TITLE

Unilateral versus bilateral instrumented transforaminal lumbar interbody fusion in two-level degenerative lumbar disorders: a prospective randomised study

AUTHOR(S)
Kai, Zhang; Wei, Sun; Chang-qing, Zhao; Hua, Li; Wei, Ding; You-zhuan, Xie; Xiao-jiang, Sun; Jie, Zhao
PUB. DATE
January 2014
SOURCE
International Orthopaedics;Jan2014, Vol. 38 Issue 1, p111
SOURCE TYPE
Academic Journal
DOC. TYPE
Article
ABSTRACT
Purpose: The aim of this study was to analyse the clinical and radiological outcomes of unilateral versus bilateral instrumented TLIF in two-level degenerative lumbar disorders. Methods: A prospective randomised clinical study was performed from January 2008 to May 2011. Sixty-eight consecutive patients with severe low back pain and radicular pain were divided randomly into the unilateral ( n = 33) or bilateral ( n = 35) pedicle screw fixation group based on a random number list. Operative time, blood loss, duration of hospital stay, fusion rate, complication rate and implant costs were recorded and analysed statistically. Visual analog scale (VAS) scores, Oswestry Disability Index (ODI), and SF-36 were used to assess the preoperative and postoperative clinical results in the two groups. Results: No differences were observed between the two groups with respect to demographic data. The patients of the two groups had significant improvement in functional outcome compared to preoperatively. There was no significant difference comparing fusion rate, complication rate and duration of hospital stay between the two groups at postoperative follow-up ( P > 0.05). However, compared with the bilateral pedicle screw group, a significant decrease occurred in operative time, blood loss and implant costs in the unilateral group. Conclusion: Two-level unilateral instrumented TLIF is an effective and safe method with reduced operative time and blood loss for multiple-level lumbar diseases. But it is imperative that the larger cage should be appropriately positioned to support the contralateral part of the anterior column by crossing the midline of the vertebral body.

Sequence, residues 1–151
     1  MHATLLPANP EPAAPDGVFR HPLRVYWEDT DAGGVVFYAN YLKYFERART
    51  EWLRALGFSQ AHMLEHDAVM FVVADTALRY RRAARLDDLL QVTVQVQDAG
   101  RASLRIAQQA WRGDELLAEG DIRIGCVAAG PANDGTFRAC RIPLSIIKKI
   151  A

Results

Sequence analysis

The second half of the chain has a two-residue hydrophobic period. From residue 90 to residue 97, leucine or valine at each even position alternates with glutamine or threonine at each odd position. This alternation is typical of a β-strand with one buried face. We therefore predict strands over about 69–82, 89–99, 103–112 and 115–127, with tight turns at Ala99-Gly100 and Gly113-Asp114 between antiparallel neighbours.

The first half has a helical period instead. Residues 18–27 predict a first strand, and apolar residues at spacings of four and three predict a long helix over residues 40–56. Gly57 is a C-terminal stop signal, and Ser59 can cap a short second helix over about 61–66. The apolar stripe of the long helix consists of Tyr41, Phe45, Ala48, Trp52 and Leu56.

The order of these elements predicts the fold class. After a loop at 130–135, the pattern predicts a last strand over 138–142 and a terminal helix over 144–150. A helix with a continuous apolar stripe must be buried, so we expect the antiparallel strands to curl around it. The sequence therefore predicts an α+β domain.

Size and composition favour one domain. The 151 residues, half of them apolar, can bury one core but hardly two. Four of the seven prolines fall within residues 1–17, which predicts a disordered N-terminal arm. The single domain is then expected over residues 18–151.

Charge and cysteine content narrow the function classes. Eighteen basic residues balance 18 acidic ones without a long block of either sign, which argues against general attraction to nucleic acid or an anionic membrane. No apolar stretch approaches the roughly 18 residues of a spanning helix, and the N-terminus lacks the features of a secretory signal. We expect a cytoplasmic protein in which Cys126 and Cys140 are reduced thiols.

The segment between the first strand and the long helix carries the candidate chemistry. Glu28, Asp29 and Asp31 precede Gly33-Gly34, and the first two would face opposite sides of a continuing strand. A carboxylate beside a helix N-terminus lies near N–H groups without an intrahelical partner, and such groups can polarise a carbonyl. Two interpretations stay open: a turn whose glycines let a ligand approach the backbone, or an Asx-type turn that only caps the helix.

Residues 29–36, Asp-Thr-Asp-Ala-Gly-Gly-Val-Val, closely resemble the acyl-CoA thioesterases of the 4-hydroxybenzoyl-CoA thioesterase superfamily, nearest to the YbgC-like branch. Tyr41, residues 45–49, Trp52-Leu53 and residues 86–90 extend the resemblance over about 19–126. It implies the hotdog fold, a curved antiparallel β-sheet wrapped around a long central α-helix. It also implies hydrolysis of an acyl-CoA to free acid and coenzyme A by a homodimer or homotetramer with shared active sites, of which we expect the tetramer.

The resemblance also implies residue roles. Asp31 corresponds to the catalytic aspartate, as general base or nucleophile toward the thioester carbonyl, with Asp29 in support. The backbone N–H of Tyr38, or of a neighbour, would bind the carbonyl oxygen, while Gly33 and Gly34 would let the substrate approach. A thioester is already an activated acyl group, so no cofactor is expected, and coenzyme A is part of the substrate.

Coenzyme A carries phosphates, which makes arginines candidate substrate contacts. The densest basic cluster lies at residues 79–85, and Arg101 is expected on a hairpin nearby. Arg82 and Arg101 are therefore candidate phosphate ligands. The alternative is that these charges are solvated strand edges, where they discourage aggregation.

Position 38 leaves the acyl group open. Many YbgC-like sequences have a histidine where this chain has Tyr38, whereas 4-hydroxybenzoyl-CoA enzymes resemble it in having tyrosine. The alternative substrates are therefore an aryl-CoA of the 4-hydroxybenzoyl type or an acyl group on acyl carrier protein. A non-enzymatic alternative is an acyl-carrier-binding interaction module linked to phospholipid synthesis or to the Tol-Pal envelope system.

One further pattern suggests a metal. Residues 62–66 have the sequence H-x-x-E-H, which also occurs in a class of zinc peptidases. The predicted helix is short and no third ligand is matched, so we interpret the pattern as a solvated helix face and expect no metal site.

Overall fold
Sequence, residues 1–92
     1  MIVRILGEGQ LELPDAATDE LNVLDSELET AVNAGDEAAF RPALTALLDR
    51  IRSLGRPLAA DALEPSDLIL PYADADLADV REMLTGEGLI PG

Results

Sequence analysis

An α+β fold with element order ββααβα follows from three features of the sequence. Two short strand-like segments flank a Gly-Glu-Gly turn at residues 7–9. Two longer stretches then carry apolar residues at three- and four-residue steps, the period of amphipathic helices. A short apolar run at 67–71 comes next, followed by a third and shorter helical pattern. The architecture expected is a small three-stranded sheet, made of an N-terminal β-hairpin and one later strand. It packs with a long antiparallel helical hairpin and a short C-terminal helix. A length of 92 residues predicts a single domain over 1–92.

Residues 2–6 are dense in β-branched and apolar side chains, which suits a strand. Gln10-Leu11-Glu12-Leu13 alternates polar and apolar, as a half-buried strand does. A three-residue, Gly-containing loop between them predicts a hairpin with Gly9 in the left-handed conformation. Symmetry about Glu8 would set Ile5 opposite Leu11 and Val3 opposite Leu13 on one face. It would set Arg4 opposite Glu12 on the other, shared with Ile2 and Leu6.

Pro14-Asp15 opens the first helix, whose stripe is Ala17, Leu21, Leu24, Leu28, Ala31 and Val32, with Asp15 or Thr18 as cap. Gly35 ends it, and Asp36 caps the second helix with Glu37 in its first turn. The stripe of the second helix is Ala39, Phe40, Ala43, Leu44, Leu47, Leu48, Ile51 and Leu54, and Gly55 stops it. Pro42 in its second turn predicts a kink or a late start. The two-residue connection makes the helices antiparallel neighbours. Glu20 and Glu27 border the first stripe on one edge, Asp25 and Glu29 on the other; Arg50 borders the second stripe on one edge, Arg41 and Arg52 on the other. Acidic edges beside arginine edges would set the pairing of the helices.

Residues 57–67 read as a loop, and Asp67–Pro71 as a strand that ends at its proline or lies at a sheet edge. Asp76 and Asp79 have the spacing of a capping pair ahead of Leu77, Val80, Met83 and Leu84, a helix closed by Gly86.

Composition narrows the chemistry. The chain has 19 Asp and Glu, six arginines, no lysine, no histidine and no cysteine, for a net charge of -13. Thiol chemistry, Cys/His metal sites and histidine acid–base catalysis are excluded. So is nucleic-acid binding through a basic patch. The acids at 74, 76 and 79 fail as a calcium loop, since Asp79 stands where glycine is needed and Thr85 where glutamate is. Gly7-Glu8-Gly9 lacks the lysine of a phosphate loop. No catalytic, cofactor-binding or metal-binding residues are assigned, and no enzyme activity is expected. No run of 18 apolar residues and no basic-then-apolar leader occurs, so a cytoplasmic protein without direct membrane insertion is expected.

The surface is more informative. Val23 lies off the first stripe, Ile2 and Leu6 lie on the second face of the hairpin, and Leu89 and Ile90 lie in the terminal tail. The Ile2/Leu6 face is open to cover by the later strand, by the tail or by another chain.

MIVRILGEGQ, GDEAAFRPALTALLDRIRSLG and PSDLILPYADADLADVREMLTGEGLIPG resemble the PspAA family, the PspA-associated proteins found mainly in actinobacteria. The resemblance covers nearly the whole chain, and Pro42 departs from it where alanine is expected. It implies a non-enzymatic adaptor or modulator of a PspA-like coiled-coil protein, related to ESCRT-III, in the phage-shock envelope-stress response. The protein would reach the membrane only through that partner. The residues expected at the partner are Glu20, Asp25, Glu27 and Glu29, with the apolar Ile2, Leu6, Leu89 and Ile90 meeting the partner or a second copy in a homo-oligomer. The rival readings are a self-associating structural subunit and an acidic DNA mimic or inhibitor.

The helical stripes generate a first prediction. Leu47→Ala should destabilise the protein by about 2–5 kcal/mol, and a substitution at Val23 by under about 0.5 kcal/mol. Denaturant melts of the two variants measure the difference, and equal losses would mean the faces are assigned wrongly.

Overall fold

ACCESSION #
93596816

 

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